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Guest post: The Conservative Party manifesto and human rights

The Conservative Party manifesto states that the terms of British EU membership will be renegotiated and an in/out referendum held. The Human Rights Act will be ‘scrapped’ and replaced by a British Bill of Rights. As for legal aid, the document merely informs us that they would continue to review our legal aid systems, so they can continue to promote access to justice in an efficient way.

The statement about legal aid continuing to promote access to justice is questionable since legal aid has been removed from many areas of civil law, considerably curtailed in Magistrates’ Courts and means tested in the Crown Court so that many will end up paying a contribution to their legal fees. Just what the manifesto means by review is debatable but it seems unlikely that they would be proposing any reinstatement of legal aid into areas where it was withdrawn under the Legal Aid, Sentencing and Punishment of Offenders Act 2012.

Human Rights – a few thoughts:

The United Kingdom – as a nation – is a member of the Council of Europe and it is under that body that the European Convention on Human Rights operates. For purely political reasons, I cannot see the UK withdrawing from the Council and the manifesto makes no such suggestion. Thus, the UK would – as a nation – continue to be bound in international law by its obligations under the Convention.

Nevertheless, the Human Rights Act 1998 would be ‘scrapped’ and replaced by a British Bill of Rights. The British Bill would remain faithful to the basic principles of human rights, which we signed up to in the original European Convention on Human Rights. What they see as ‘mission creep’ would be removed. In other words, they seek to stop ‘human rights law being used for more and more purposes, and often with little regard for the rights of wider society.’ Here is an attack on the so-called ‘living instrument’ doctrine developed by the European Court of Human Rights and which sees the convention as capable of adaptation to the needs of contemporary democratic societies as opposed to the needs and attitudes of the 1950s. The living instrument approach has enabled the law to be carefully developed in sensible ways – eg the concept of ‘family’.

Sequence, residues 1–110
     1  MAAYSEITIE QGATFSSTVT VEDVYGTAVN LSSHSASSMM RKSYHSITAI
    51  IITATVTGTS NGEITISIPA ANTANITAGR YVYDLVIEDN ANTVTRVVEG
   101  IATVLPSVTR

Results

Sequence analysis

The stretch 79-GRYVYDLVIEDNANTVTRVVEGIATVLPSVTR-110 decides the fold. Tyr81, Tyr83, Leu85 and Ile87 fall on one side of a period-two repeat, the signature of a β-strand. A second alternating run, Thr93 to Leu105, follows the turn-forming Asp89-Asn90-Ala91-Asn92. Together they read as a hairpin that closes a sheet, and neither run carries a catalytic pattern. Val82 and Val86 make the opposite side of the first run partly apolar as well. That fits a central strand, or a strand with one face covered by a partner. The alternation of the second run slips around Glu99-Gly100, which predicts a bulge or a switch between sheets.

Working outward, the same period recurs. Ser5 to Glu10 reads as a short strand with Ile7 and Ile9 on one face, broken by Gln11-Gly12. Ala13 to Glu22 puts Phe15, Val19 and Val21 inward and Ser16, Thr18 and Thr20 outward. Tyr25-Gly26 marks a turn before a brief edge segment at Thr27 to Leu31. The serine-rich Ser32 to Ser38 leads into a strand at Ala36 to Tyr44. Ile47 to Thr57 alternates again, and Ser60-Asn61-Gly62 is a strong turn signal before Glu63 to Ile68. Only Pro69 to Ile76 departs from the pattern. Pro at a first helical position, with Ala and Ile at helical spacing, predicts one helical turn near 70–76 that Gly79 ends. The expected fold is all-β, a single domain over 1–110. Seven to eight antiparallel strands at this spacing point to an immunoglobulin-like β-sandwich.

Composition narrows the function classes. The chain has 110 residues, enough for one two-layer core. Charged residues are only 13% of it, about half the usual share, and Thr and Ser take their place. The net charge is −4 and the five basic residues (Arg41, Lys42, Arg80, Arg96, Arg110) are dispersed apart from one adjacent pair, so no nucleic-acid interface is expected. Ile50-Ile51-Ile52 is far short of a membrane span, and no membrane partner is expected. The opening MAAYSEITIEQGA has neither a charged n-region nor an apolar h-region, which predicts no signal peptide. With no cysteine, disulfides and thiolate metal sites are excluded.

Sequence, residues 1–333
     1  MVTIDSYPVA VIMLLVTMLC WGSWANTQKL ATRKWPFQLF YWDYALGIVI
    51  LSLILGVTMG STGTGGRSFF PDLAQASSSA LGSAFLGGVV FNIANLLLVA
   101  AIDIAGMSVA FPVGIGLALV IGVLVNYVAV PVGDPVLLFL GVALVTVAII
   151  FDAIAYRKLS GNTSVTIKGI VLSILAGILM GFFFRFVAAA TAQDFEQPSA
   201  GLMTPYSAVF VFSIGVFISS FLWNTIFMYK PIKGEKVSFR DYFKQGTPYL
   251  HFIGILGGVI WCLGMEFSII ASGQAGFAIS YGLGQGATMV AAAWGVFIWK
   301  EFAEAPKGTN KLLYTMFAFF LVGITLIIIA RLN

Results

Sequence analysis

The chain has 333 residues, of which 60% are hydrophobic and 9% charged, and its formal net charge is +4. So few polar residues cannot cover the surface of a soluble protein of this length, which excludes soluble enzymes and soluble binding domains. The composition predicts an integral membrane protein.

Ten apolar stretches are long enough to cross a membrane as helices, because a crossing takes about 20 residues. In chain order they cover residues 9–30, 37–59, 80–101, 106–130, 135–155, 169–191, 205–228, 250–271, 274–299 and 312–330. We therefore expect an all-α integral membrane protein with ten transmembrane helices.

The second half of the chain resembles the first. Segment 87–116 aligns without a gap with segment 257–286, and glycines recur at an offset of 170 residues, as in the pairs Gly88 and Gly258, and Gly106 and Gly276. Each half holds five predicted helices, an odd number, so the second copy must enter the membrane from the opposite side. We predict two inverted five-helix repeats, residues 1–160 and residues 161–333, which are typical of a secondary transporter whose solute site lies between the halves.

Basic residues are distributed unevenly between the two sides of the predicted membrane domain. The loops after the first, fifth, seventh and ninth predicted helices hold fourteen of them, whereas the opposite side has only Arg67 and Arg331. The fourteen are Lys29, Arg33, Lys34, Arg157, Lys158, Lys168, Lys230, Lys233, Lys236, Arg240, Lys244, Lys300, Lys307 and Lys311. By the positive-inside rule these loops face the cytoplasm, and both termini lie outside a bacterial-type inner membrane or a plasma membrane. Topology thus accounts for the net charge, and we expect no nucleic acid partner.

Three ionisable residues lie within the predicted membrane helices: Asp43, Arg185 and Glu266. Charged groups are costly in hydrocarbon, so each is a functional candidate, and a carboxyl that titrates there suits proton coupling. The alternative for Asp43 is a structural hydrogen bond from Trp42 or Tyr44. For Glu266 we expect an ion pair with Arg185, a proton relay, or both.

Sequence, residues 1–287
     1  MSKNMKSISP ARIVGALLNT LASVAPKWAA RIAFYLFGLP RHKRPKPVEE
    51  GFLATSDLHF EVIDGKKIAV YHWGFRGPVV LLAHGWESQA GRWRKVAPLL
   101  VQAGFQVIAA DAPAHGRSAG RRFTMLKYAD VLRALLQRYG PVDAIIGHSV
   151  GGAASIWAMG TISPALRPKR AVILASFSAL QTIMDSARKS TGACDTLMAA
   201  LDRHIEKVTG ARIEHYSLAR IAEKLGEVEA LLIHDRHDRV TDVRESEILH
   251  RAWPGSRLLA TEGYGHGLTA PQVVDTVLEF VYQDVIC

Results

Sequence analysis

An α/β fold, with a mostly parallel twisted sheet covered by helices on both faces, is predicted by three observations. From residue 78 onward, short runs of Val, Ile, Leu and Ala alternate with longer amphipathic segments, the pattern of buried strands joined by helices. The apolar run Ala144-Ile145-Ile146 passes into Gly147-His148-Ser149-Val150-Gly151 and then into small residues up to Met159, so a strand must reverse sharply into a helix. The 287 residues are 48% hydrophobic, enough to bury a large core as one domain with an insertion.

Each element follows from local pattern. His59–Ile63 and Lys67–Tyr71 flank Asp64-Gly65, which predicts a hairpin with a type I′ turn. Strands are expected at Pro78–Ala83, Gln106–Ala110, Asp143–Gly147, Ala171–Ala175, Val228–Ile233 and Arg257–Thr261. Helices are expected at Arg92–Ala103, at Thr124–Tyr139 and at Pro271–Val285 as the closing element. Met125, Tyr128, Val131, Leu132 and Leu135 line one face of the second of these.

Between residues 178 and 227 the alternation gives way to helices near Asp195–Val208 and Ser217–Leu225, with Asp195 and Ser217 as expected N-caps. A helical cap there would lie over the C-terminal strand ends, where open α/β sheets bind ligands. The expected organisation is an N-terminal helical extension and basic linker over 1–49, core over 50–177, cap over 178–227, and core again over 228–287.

The contents of a British Bill of Rights are not set out though perhaps some indication may still be found in the report of the Bill of Rights Commission. However, the extent to which they would adopt the Commission report and recommendations is far from clear. Whilst accepting that a manifesto is a blueprint for government, it would be helpful to the voter to know rather more about just what is proposed and a draft Bill of Rights promised for the autumn of 2014 did not appear.

The word ‘original’ is also interesting. They cannot truly mean a return to the convention as it was in the 1950s and ignore the various subsequent protocols. Again, the document lacks precision.

One point is made a little clearer in that the manifesto indicates that the repeal of the Human Rights Act and the British Bill of Rights will ‘break the link between British Courts and the European Court of Human Rights’ and ‘make our own Supreme Court the ultimate arbiter of human rights matters in the UK.’

The link referred to is presumably the point that the Human Rights Act requires our domestic courts to ‘take into account’ decisions of the European Court of Human Rights. That is quite a step away from actually telling courts that they MUST follow Strasbourg decisions though, essentially as a matter of common sense, the judges tend to do so unless there is some good reason not to do so.

Of course, the Supreme Court of the UK – mighty as it is – cannot be the ‘ultimate arbiter’ of human rights in the UK – (see Making the Supreme Court Supreme). That role would have to remain with Parliament and the UK would, as already stated, continue to be bound in international law by those decisions of the European Court of Human Rights to which the UK was a party.

Whether the British Bill of Rights proposal would appeal to those in parts of the UK with devolved government (eg Scotland, Northern Ireland) is a further debatable point. It would be ludicrous to end up with markedly different systems of rights protection depending where you were in the UK.

Much food for thought here… especially for the thinking voter!! I remain seriously sceptical about their proposals because I see this as part of an agenda to limit rights and access to justice.

Please also see Public Law for Everyone – Human Rights in the Conservative’s manifesto – Four comments

Human Rights -a look at the Conservative Party proposals – (ie as they appeared in October 2014)

The law blogger ObiterJ writes at Law and Lawyers.